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April 26, 2011

Replacing time with numerical order of material change resolves Zeno problems of motion

With clocks, we measure the numerical order of a material change, i.e., motion running in space. There is no experimental evidence that clocks measure time. It is convenient to replace the concept of time with the numerical order of material change. This view corresponds more adequately to the physical world and resolves Zeno problems of motion.

Zeno's paradoxes of motion at wikipedia

Achilles and the tortoise - In a race, the quickest runner can never overtake the slowest, since the pursuer must first reach the point whence the pursued started, so that the slower must always hold a lead.

The dichotomy paradox - That which is in locomotion must arrive at the half-way stage before it arrives at the goal.



The new view doesn’t mean that time does not exist, but that time has more to do with space than with the idea of an absolute time. So while 4D spacetime is usually considered to consist of three dimensions of space and one dimension of time, the researchers’ view suggests that it’s more correct to imagine spacetime as four dimensions of space. In other words, as they say, the universe is “timeless.”

The point of view which considers time to be a physical entity in which material changes occur is here replaced with a more convenient view of time being merely the numerical order of material change. This view corresponds better to the physical world and has more explanatory power in describing immediate physical phenomena: gravity, electrostatic interaction, information transfer by EPR experiment are physical phenomena carried directly by the space in which physical phenomena occur.”

As the scientists added, the roots of this idea come from Einstein himself.

“Einstein said, ‘Time has no independent existence apart from the order of events by which we measure it,’” Sorli told PhysOrg.com. “Time is exactly the order of events: this is my conclusion.”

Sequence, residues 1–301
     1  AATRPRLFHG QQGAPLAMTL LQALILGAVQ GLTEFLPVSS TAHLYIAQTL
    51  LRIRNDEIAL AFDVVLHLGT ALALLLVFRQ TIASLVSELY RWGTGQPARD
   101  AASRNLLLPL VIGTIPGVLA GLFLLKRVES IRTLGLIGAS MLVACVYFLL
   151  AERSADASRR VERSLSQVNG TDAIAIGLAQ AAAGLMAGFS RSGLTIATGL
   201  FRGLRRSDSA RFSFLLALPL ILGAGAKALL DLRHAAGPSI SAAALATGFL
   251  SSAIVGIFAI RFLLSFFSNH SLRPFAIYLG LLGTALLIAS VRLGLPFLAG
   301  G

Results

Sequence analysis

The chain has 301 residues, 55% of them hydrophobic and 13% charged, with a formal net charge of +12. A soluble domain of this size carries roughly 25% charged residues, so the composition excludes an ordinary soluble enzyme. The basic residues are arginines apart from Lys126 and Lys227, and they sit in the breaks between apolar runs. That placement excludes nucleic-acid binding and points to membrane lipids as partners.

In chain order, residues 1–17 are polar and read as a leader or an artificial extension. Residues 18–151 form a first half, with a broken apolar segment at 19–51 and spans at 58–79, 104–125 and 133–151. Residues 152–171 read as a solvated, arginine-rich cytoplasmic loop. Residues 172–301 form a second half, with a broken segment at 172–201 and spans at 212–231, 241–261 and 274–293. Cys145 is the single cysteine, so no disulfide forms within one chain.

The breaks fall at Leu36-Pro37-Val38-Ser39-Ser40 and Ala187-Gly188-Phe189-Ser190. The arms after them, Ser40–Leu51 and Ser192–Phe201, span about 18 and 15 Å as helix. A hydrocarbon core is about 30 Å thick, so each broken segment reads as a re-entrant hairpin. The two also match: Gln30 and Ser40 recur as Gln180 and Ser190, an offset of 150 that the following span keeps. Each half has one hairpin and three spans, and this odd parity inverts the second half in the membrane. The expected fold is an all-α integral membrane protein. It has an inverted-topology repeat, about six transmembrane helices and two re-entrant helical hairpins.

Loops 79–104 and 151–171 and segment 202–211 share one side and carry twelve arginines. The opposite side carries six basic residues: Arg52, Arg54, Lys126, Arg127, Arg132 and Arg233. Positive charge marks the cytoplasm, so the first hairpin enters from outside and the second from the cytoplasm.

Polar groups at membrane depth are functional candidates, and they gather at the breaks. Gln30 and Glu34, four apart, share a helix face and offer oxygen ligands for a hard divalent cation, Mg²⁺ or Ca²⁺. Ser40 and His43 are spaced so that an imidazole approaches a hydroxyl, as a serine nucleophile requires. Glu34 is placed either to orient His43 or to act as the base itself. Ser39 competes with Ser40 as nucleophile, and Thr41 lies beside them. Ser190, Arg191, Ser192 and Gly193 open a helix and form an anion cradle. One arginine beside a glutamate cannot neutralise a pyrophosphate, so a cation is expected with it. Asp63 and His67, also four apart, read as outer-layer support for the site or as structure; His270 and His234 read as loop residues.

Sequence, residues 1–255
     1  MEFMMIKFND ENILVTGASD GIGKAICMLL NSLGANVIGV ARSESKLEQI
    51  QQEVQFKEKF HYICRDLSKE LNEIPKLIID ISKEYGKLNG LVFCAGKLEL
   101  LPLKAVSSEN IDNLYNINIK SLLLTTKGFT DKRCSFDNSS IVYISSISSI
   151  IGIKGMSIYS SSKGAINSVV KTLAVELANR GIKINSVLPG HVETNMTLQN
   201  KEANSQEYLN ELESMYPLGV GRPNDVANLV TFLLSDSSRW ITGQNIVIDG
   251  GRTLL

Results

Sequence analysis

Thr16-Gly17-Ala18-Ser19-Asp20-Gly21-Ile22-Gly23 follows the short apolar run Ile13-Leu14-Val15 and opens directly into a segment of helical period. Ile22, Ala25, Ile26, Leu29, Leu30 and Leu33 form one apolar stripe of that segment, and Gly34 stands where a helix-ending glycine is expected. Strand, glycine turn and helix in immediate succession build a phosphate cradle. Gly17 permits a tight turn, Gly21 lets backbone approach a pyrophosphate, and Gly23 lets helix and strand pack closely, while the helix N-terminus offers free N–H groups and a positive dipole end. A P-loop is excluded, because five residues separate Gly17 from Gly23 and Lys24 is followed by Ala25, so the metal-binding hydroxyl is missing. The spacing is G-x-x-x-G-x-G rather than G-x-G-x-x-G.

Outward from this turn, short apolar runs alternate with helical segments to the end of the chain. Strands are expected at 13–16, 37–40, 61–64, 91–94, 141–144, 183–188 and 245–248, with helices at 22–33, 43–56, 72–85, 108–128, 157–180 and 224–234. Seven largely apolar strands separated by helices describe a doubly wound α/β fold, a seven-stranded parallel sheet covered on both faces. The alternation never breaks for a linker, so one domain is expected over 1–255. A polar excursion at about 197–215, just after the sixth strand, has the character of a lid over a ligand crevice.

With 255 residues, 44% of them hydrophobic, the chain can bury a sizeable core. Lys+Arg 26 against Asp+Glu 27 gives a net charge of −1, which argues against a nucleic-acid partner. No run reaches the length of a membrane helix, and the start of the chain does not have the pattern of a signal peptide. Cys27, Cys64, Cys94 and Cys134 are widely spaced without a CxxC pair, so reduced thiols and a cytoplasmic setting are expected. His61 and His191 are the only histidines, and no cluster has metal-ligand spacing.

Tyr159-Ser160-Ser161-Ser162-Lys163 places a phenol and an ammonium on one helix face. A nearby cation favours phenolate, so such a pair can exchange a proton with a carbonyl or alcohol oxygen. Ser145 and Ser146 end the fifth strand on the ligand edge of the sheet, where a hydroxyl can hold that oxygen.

In the future, the scientists plan to investigate the possibility that quantum space has three dimensions of space, as Sorli explained.

“The idea of time being the fourth dimension of space did not bring much progress in physics and is in contradiction with the formalism of special relativity,” he said. “We are now developing a formalism of 3D quantum space based on Planck work. It seems that the universe is 3D from the macro to the micro level to the Planck volume, which per formalism is 3D. In this 3D space there is no ‘length contraction,’ there is no ‘time dilation.’ What really exists is that the velocity of material change is ‘relative’ in the Einstein sense.”

the researchers explain that the paradox can be resolved by redefining velocity, so that the velocity of both runners is derived from the numerical order of their motion, rather than their displacement and direction in time. From this perspective, Achilles and the Tortoise move through space only, and Achilles can surpass Tortoise in space, though not in absolute time.

The researchers also briefly examine how this new view of time fits with how we intuitively perceive time. Many neurological studies have confirmed that we do have a sense of past, present, and future. This evidence has led to the proposal that the brain represents time with an internal “clock” that emits neural ticks (the “pacemaker-accumulator” model). However, some recent studies have challenged this traditional view, and suggest that the brain represents time in a spatially distributed way, by detecting the activation of different neural populations. Although we perceive events as occurring in the past, present, or future, these concepts may just be part of a psychological frame in which we experience material changes in space.

Finally, the researchers explain that this view of time does not look encouraging for time travelers.

“In our view, time travel into the past and future are not possible,” Sorli said. “One can travel in space only, and time is a numerical order of his motion.”

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